The real rea­son be­hind your crav­ings

Sci­ence ex­plains our de­sire for that ever tempt­ing salt-fat-sugar combo – and how you can stop it

Prevention (Australia) - - In This Issue - BY STEPHANIE OSFIELD

Pic­ture this: an of­fice party with an ar­ray of food to choose from. There’s a plate filled with slices of colour­ful veg and hu­muus along­side a big bowl of potato chips – it may take a sec­ond or two to de­cide, but be­fore you know it you are munch­ing away on the en­tic­ing, crunchy salti­ness of those chips. And boy, are they good!

You may think you are in control (it’s a spe­cial oc­ca­sion and only a hand­ful, you tell your­self ) but that in­ter­nal ar­gu­ment of ‘good’ food ver­sus ‘bad’ has no power over the pull of the crav­ings we all ex­pe­ri­ence. Crav­ings have noth­ing to do with hunger or our need for nu­tri­ents, rather, as sci­ence has shown, it’s ac­tu­ally all about a salt-fat-sugar combo that’s too tempt­ing for the brain to say no.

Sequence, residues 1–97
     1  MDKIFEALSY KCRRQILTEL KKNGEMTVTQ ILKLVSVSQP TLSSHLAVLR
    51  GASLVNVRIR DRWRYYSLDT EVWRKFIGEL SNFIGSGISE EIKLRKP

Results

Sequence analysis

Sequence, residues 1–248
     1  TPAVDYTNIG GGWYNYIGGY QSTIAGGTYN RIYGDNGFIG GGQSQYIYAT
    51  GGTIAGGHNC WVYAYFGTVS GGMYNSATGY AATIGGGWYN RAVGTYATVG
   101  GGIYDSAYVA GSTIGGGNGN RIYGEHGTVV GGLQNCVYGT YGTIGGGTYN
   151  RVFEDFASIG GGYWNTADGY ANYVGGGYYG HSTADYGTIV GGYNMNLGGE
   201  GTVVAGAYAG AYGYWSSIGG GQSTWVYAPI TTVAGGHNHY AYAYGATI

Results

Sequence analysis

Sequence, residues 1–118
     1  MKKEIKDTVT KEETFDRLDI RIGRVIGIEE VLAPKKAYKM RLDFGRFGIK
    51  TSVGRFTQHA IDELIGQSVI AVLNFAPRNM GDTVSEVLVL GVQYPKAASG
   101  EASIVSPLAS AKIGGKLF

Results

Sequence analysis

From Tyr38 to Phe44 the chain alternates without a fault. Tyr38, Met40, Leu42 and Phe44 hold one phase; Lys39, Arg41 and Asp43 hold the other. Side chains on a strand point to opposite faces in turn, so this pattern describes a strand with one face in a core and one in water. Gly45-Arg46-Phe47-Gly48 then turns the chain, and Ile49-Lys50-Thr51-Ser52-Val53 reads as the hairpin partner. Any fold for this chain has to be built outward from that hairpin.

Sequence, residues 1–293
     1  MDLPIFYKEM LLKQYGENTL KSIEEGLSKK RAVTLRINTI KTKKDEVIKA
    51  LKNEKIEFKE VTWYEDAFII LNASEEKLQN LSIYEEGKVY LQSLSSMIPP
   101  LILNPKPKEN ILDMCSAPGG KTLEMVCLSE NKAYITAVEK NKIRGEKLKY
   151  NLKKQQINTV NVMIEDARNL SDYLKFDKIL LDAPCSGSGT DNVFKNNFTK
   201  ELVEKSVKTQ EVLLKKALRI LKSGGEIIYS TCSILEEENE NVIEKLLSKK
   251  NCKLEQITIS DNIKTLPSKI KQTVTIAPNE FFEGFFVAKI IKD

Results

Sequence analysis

Much has been made in re­cent times of the ad­dic­tive pull of sugar, and how it trig­gers a re­lease of dopamine, the brain chem­i­cal as­so­ci­ated with feel­ings of plea­sure, the same re­sponse that is ac­ti­vated by drugs such as co­caine and am­phet­a­mines.

And now, new re­search by Yale Univer­sity in the US shows how foods that com­bine fat and car­bo­hy­drates (think pro­cessed foods such as chips) ex­ert an even stronger lure over our brains than sugar. It’s no won­der your fo­cus moves from those healthy ve­g­ies and dip to that bowl filled with crunchy crisps.

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